Allergy Testing for Children and Infants with Eczema | Could your breast milk be to blame?
June 24, 2019
Does your little one suffer from eczema or allergies? Allergies in infants and children are common; in fact, allergy-related disorders are among the leading diagnoses of chronic diseases in children. According to one study, 4 to 6 percent of children have food allergies. For children with eczema, allergy testing is a key way to determine both environmental and dietary triggers. And while, any medical test for a child can be scary, knowing what to expect can lessen appointment-day anxiety.
Our daughter Emory is 13 months old and suffers from eczema. Lately we’ve noticed some food allergy symptoms (severe itching and rash) and decided to see and Allergy Specialist for help. Our pediatrician referred us to Figueroa Salvador MD of Southwest Asthma & Allergy Associates. Who advised that we administer a “Scratch Test.”
ALLERGY TESTING | SCRATCH TESTING
A scratch test is a form of allergy testing where possible allergens are applied to a scratched area of skin. Typically, when performed on a small child, the allergen application occurs on the back. We are working to get to the root of Em’s eczema triggers and decided to test a mix of 12 inhalants and foods.
Prior to Emory’s appointment I scoured the internet for videos and blog posts that offered a detailed description of what to expect. Though they aided in calming my nerves a bit, I was still uncertain how Emory would react to the pricks.
The procedure began by identifying what specific allergens we wanted to test for, cleaning and numbering Emory’s back. The numbers represented the following 12 allergens that we decided to test for:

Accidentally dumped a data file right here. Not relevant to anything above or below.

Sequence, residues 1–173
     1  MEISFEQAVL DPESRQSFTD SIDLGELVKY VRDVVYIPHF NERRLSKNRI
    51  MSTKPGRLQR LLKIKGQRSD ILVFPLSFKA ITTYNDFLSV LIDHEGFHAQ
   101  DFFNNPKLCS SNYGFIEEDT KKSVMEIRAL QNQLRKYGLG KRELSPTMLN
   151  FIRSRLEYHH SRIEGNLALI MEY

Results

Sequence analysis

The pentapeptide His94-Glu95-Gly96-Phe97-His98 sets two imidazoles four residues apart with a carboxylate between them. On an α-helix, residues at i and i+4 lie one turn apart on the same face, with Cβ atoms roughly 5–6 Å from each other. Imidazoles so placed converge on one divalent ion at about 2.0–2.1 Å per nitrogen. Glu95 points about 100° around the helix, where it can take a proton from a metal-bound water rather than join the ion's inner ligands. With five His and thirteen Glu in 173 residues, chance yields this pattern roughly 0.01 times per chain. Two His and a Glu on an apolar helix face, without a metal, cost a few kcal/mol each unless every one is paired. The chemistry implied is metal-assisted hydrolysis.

Once the test is complete and details recorded a topical hydrocortisone cream is applied to the back after it has been cleaned and numbers removed. After Emory was calm and given a “comfort snack” (she did very well) we awaited our consultation. Although the allergens have to sit for 15 minutes, we noticed a few reactions immediately.
Here, we received some very interesting results.
The allergy testing identified wheat, eggs, dairy and peanuts as triggers. With peanuts being the largest reaction of the 12.
Here’s what’s interesting about theses results. Emory has NEVER HAD ANY OF THESE ITEMS. She’s been exclusively breastfed most of her life. We JUST started introducing food (organic fruits & vegetables) to her two months ago!
This means she’s getting these items through my breast milk. I’ve read many articles that state only 1% of what mom eats comes through the breastmilk, but apparently that small percentage is triggering Emory’s allergies and leading to her eczema flareups.
What does this mean?
OUTCOME | NEXT STEPS
One of my main goals before having a child was to breastfeed as long as my child was interested. Due to this, I will be modifying my diet in a major way. As an professed dessert junkie and Mexican food addict, I can tell you that the removal of wheat, dairy (mainly cheese) and eggs from my diet is going to be hard!!! I refuse to rapidly wean her or stop breastfeeding cold turkey as some mom’s (and dumb ass dads) have suggested. I will take this transition one day at a time. With the support of my family, I am certain to get past this phase while ensuring my little is “itch free.”
I’ve found some items and saved some recipes that will hopefully help me on this journey. Though, this will be challenging, as a mom, I plan to do whatever it takes to ensure my child’s needs are put first.
I’d love to hear from you. Please be a part of my village and drop me a comment. Do you have a child that suffers from eczema or food allergies? What are some recipes, brands and/or restaurants that specialize in wheat, dairy, egg and nut free offerings?
If you suspect that your child has an allergy, finding its cause can put your son or daughter on the path to better health.